Frustration Poll

  1. 0
    Do you ever find nursing to be demoralizing? Ever leave for home feeling shellshocked? A friend commented this morning that nursing should pay "danger pay", just like firemen and police get. Not necessarily for physical safety, but for mental health integrety. I applaud those who are in better jobs or who don't feel this way.
  2. Poll: How often do you feel forced to act against your better judgement at work?

    • Never Never Never!

      5.88% 2
    • Rarely

      52.94% 18
    • Pretty often

      32.35% 11
    • All the time, it makes me sick!

      8.82% 3
    34 Votes
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  5. 5 Comments so far...

  6. 0
    Have left for home many times feeling shellshocked. Between the physical risks we take coupled with the mental risks, it doesn't surprise me that we are in a shortage. We should talk about our stress related health problems and symptoms of the stress created by our jobs. I'll start with wondering if bs nurses have PTSD except instead of P we should use O for ongoing since it never stops. We don't get breaks like firemen and police. OK some work the entire shift but not everyday and I know plenty who cook/eat gourmet meals, sleep, watch TV, etc. while they are waiting for calls to come in. Seems to me that is a pretty good way to releive the stress. For nurses it's balls to the walls from 8 to 16 hours at a time.
    In my area we call it hazard pay..as what we should get for the risks we take.
    My past symptoms while working at the bedside:
    Nasea, headaches, diarreah, pain, anxiety, nightmares, high strung behaviors like jitteryness, crying, depression, feelings of unsure of myself (but, not in front of the patient of course!....who'd a thunk it? I have always been the most confident person I know! I'll stop here...I know there are more. Funny thing is since I stopped working at the hospital, I'm 99% better!

    How to decrease the stress:
    Proper patient acuity assignments that reflect the number of staff actually on the unit taking care of the patients. No mare counting the desk jockey RN (Been one so don't get me wrong here) as a number/caregiver.
    Breaks! and plenty of them! With extra nurses to cover our breaks.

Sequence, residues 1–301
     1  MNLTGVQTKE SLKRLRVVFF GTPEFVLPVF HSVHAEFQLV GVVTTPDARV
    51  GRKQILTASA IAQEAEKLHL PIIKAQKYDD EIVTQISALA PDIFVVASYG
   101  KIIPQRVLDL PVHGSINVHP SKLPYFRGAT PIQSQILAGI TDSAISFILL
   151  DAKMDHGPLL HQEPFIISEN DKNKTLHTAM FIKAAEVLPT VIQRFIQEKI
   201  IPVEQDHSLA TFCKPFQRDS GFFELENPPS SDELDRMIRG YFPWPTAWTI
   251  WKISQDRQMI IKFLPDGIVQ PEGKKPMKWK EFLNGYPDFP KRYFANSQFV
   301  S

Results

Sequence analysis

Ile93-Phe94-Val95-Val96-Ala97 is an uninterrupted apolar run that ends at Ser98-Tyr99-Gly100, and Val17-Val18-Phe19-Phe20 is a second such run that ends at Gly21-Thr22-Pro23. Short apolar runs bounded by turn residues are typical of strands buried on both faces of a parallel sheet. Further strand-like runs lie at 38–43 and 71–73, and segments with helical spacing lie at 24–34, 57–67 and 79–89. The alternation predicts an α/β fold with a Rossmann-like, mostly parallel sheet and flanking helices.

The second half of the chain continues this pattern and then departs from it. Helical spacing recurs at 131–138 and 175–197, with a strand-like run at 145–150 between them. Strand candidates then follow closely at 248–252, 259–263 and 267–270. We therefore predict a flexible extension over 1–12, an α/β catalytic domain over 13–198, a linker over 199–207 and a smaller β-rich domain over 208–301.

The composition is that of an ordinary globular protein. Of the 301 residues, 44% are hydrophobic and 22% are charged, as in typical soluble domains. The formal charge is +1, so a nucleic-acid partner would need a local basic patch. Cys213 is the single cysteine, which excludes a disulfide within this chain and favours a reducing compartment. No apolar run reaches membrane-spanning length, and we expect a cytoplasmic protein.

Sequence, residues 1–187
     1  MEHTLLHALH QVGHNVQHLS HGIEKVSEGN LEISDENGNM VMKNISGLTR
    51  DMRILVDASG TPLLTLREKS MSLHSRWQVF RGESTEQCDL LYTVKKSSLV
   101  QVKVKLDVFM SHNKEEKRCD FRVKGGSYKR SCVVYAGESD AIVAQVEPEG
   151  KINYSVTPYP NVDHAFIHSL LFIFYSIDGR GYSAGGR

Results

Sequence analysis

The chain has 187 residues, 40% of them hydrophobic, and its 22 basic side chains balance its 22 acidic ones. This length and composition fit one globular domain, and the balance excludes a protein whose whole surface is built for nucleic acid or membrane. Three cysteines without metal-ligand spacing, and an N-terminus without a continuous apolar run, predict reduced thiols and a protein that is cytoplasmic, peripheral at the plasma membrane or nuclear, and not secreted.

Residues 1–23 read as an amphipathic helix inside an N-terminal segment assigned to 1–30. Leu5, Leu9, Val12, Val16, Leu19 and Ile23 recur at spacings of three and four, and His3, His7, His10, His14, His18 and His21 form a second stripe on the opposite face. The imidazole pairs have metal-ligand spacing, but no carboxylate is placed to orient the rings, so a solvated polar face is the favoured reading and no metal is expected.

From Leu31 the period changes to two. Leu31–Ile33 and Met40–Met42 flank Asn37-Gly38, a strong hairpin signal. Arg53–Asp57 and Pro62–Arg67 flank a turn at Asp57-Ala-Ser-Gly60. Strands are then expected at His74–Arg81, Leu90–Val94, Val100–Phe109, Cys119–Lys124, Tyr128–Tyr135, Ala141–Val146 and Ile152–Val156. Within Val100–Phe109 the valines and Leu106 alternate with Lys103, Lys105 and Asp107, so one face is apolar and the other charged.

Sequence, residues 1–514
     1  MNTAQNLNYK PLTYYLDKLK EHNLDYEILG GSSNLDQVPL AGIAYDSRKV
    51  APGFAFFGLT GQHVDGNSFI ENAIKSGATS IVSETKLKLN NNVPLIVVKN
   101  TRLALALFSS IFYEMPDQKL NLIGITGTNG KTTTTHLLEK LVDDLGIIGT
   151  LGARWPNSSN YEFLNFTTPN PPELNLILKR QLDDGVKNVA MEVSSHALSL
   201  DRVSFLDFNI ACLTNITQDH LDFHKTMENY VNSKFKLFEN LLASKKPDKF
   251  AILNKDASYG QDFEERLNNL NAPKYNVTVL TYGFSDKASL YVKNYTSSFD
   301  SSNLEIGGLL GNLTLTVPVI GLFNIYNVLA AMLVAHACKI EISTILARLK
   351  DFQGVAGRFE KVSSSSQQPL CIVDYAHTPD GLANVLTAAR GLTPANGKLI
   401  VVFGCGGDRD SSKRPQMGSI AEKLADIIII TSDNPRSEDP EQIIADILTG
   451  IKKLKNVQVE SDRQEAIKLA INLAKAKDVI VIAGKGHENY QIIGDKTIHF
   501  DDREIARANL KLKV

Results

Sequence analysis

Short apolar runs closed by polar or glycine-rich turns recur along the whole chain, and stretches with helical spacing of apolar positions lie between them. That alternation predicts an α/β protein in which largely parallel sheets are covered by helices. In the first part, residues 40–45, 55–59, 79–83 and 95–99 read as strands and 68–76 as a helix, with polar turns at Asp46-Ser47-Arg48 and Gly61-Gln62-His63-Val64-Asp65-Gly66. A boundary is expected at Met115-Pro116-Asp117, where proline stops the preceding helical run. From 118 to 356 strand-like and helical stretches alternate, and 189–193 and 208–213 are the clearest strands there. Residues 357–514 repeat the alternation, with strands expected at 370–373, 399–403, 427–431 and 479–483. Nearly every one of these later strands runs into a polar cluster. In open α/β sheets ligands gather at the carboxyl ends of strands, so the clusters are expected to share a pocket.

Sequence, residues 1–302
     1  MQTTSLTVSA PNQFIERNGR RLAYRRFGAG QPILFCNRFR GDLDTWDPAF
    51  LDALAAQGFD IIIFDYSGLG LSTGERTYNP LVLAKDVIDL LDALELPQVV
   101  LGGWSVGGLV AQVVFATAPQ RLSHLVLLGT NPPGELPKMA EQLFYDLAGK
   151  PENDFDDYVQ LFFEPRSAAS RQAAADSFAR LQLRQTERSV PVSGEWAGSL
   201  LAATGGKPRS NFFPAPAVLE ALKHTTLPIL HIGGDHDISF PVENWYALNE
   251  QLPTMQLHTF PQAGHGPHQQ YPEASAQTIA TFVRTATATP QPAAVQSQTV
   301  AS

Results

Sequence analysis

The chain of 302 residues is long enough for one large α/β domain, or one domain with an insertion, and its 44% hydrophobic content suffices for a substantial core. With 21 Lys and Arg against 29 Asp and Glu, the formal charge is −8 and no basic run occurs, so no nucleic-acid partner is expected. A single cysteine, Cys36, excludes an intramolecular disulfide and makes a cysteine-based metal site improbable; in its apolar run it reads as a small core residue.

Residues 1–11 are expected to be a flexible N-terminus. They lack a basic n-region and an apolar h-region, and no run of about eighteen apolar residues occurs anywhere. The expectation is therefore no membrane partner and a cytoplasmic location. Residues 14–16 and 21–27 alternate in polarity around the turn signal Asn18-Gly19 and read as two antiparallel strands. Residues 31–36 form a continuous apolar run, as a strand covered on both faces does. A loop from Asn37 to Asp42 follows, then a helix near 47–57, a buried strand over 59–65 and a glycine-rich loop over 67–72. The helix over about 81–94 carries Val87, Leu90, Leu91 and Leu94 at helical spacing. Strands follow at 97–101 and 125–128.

Twice a week sessions to talk about what we've been dealing with, kind of a debriefing.
    Free food and goodies from management on a very frequent basis.
    HAZARD PAY or DANGER PAY, what ever you want to call it.
    CNA's and plenty of them too!
    Pamplets and brochures for the families that tout our certifications and tell em how great we are and public commercials letting us know how appreciated we are.
    Proper and updated equipment. Stuff that works!
    Proper suppllies and medications available for our needs.
    Ability to make our own decisions about nursing care and how we should do it.
    Pay that is equal in proportion to our individule education to what our colleges who are under similar stessors make that have the same level of education.
    Pay for certifications and specialties.
    Bene's, vacations, secure retirement, etc......
    No more pushing and forcing from management.

    Yes, I agree that nursing can make on feel demoralized. But only if you let it. Stay in a rotten job with a rotten environment and soon you'll feel rotten too.
  7. 0
    To: allnurses

    Sorry about how dead-negative this post sounds. Who wants to think about how demoralizing their job is? Just my state of mind when I woke up, I guess.
  8. 0
    ugh, I feel like crying.
  9. 0
    Originally posted by adrienurse
    To: allnurses
    Sorry about how dead-negative this post sounds. Who wants to think about how demoralizing their job is? Just my state of mind when I woke up, I guess.
    adrienurse.......
    your point and poll is valid.....
    nursing is not all glory and rewarding everyday.....
    somedays it is all out he..

    micro
  10. 0
    Flowerchild: I'm with you (though I'd suggest you edit that sentence beginning "Pay that is equal to..."), and would add: "LVNs and plenty of them," "real leadership from supervisors/administrators," and "exemplary training for supervisors."


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